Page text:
Principle 25

A charitable organization should establish clear, written policies for paying or reimbursing expenses incurred by anyone conducting business or traveling on behalf of the organization, including the types of expenses that can be paid for or reimbursed and the documentation required. Such policies should require that travel on behalf of the organization is to be undertaken cost-effectively.

A charitable organization’s travel policies should be unambiguous and easy to follow, and should reflect the organization’s principled judgment about what it considers “reasonable” expenditures for individuals who travel to conduct business on its behalf. These policies should include procedures for properly documenting expenses incurred and their organizational purpose.

As a general practice, travel policies should ensure that the business of the organization is carried out in a cost-effective manner. Decisions on travel expenditures should be based on how best to further the organization’s charitable purposes, rather than on the title or position of the person traveling. Charitable funds generally should not be used for premium or first-class travel, but boards should retain the flexibility to permit exceptions when they are in the organization’s best interest. Such exceptions, if any, should be explicit, consistently applied, and transparent to board members and others associated with the organization.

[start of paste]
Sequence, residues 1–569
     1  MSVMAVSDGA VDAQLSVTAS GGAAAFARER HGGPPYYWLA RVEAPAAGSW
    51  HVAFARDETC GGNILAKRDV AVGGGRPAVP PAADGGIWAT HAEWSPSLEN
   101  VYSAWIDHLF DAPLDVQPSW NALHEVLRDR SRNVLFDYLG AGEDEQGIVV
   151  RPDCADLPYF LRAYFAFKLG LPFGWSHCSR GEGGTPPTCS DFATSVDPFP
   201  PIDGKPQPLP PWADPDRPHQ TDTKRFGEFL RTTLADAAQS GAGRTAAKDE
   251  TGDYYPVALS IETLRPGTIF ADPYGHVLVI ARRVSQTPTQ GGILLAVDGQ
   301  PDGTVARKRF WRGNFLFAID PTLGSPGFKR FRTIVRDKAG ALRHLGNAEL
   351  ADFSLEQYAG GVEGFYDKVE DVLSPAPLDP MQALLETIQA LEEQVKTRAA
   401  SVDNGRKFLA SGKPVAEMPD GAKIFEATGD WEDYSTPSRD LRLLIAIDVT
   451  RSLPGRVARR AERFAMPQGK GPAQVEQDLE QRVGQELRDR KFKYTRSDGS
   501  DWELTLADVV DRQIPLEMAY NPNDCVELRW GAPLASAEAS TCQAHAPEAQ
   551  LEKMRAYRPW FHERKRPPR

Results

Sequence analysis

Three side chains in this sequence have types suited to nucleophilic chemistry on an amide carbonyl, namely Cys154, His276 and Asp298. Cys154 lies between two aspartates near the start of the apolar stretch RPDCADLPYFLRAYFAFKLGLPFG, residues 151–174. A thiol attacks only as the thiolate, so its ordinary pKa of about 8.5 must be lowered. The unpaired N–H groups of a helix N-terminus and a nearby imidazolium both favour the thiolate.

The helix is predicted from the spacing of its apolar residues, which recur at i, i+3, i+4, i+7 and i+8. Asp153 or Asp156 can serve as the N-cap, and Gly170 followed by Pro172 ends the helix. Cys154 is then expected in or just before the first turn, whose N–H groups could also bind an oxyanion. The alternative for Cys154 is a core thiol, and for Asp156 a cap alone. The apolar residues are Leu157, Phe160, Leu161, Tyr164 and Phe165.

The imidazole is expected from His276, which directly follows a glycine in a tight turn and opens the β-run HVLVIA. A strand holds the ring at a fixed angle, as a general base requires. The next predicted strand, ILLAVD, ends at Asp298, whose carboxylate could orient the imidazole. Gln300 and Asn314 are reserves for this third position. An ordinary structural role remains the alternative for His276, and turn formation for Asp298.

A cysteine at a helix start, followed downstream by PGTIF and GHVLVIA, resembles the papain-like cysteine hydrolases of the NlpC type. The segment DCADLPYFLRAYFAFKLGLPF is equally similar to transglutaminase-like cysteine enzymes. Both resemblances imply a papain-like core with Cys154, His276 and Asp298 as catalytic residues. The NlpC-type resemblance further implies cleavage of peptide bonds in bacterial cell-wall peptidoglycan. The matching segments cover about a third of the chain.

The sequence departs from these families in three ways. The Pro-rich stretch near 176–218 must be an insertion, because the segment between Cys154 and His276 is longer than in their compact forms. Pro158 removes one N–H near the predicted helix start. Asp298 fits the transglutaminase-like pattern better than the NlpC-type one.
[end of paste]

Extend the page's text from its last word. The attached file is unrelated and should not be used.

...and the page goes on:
An organization’s policies should reflect the requirements and restrictions on travel expenditures imposed under current law. Payments of travel, or entertainment expenses for federal, state or local government officials must be reported on the organization’s annual IRS Form 990. Some travel expenses may be considered as part of reportable compensation, such as the cost of leasing vehicles on behalf of key employees if the vehicles are used for personal purposes (such as commuting). The detailed guidance provided in IRS Publication 463: Travel, Entertainment, Gift and Car Expenses should serve as a guide for managers of charitable organizations in avoiding lavish, extravagant, or excessive expenditures.